Mbalula to address the Berning question

The vetting process to appoint the next head of the elite Hawks crime-fighting unit must be completely overhauled.

That’s the message that has emerged after the current incumbent‚ Berning Ntlemeza‚ was given his marching orders yesterday by the Pretoria High Court.

Ntlemeza yesterday tried to appeal against last month’s Pretoria High Court ruling that his appointment be reviewed.

Judges Peter Mabuse‚ Jody Kollapen and Selby Baqwa‚ however‚ turned the appeal down and ordered that he vacate his office immediately.

Ntlemeza’s removal from his post is regardless of whether he approaches the Supreme Court of Appeal or the Constitutional Court.

Police minister Fikile Mbalula‚ who yesterday withdrew his support for Ntlemeza’s appeal‚ will speak this morning on the court’s announcement.

Speaking ahead of Mbalula’s press conference‚ Unisa criminologist Rudolph Zinn said the Hawks head was one of the country’s top police officers.

“That post requires that the person is fit and proper and is credible‚ who understands the legislation which is required to manage an elite crime-fighting unit such as the Hawks.

“It cannot be a political appointee. It has to be someone who’s objective who can address the unit’s mandate of ensuring that investigations‚ particularly high-profile corruption cases‚ possibly involving politically connected people‚ are done properly.”

He said the problem lay with the vetting process of such appointees.

“If the vetting process was up to scratch‚ we would not be sitting now with the Ntlemeza debacle‚ which is just one of many in the police.”

He said the vetting process needed to be overhauled.

“It needs to look at numerous issues and include a financial analysis‚ to ensure whoever is appointed to senior posts is above corruption.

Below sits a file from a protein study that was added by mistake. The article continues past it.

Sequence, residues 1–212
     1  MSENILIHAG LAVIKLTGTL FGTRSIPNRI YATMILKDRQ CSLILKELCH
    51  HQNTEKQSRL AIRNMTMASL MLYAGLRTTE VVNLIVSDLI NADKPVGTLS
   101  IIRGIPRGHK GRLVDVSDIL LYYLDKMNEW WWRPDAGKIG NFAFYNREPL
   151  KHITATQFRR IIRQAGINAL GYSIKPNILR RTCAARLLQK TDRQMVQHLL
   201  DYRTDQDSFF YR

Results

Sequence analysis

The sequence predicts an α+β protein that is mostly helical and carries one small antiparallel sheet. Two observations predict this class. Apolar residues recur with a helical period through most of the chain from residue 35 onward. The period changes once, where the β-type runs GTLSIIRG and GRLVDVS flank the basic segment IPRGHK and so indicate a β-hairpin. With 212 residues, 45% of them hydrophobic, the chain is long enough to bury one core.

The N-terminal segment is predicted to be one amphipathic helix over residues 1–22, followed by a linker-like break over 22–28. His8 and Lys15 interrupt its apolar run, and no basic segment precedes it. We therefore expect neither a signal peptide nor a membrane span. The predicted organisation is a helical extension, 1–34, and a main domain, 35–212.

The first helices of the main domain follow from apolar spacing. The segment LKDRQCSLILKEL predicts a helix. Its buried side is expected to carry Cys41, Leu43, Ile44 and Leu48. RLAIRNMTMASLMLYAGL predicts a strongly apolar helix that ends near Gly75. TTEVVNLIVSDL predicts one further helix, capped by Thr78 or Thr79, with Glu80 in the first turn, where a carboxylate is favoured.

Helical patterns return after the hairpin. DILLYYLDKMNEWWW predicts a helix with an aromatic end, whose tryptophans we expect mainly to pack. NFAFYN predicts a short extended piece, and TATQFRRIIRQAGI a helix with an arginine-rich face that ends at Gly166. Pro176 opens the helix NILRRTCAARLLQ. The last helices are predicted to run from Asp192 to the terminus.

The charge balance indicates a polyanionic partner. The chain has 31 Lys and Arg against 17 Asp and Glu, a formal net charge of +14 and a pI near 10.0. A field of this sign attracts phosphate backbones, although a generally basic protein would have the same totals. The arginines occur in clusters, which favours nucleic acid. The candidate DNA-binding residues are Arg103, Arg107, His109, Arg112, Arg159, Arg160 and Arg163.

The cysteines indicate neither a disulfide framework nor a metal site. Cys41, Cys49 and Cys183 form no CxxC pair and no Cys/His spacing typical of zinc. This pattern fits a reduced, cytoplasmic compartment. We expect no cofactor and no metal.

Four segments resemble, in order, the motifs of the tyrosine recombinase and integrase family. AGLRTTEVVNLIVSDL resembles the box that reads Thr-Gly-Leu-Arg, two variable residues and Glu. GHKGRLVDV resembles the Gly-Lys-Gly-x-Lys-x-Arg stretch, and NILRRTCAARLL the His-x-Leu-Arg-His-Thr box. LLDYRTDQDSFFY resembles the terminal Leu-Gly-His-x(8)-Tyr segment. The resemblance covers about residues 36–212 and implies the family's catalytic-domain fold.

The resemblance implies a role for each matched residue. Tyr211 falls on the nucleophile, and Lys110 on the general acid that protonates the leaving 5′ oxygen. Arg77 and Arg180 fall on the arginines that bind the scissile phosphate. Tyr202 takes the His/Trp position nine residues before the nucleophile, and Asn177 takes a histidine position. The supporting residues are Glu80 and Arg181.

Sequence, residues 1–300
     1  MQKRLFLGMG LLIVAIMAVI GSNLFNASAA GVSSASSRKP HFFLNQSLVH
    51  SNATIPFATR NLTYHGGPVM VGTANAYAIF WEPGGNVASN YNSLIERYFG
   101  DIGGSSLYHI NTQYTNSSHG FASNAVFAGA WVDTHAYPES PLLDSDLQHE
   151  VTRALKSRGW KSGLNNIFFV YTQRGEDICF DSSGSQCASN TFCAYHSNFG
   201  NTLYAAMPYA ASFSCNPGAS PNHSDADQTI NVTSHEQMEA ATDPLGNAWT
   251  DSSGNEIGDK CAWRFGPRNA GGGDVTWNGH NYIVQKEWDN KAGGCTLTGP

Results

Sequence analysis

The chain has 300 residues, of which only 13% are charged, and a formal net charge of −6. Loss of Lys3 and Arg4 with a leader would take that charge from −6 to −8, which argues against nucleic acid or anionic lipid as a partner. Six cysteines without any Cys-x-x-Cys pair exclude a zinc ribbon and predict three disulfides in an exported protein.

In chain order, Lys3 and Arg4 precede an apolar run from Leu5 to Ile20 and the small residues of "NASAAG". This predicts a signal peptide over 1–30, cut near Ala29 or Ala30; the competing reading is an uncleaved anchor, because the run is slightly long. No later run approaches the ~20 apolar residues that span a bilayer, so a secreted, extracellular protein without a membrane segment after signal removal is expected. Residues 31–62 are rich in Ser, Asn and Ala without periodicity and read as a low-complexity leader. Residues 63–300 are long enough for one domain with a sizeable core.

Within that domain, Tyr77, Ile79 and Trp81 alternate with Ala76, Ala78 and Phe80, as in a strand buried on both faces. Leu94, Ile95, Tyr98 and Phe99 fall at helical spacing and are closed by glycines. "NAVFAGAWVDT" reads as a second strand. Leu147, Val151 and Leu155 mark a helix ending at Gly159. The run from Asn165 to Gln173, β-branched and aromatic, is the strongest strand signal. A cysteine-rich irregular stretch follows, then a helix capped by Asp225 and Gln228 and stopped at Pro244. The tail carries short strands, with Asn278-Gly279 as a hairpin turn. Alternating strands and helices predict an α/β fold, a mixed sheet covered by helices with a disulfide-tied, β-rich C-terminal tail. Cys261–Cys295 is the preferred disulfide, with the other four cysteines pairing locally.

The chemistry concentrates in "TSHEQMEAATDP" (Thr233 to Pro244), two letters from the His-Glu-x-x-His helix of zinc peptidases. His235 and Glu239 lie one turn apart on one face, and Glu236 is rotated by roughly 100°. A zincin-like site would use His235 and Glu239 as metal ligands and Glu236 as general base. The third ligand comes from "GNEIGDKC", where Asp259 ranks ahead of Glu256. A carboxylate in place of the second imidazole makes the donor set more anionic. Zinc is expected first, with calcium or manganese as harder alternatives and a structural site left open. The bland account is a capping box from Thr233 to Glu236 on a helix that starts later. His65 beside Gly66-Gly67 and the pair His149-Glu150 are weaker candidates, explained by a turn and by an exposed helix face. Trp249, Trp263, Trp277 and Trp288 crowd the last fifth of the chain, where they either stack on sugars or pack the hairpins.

“This is standard practice in the private sector‚ so why can’t it become so in the public sector?” he asked.

Criminologist Anthony Minnaar agreed and said the vetting process should be done by the Independent Police Investigative Directorate‚ who could report their findings to a properly established interview panel.

“How the police do the vetting of themselves for senior positions is a mystery.”

He said the qualities and qualifications required of the head of the Hawks was the same that was required of the national police commissioner.

“Whoever heads the Hawks has to be beyond reproach. Those who vet this person have to ensure this.

“The directorate is best suited to vet applicants. They have the jurisdiction to do so. They can inspect personnel files‚ investigate and make legal inquiries.

“They can go into the full service history of a person‚ who should be a career police officer‚ having worked their way up through the ranks.”

He said the directorate should then have to report back to a properly established panel‚ which should consist of the police minister‚ parliamentary portfolio committee members and policing experts.

“The Hawks is not a Mickey Mouse organisation. They investigate some of the country’s worst criminals‚ including organised transnational syndicates.

“The person heading them has to have sound knowledge of such investigations.

“Only by ensuring proper vetting will you be able to get the right candidate for the job.”

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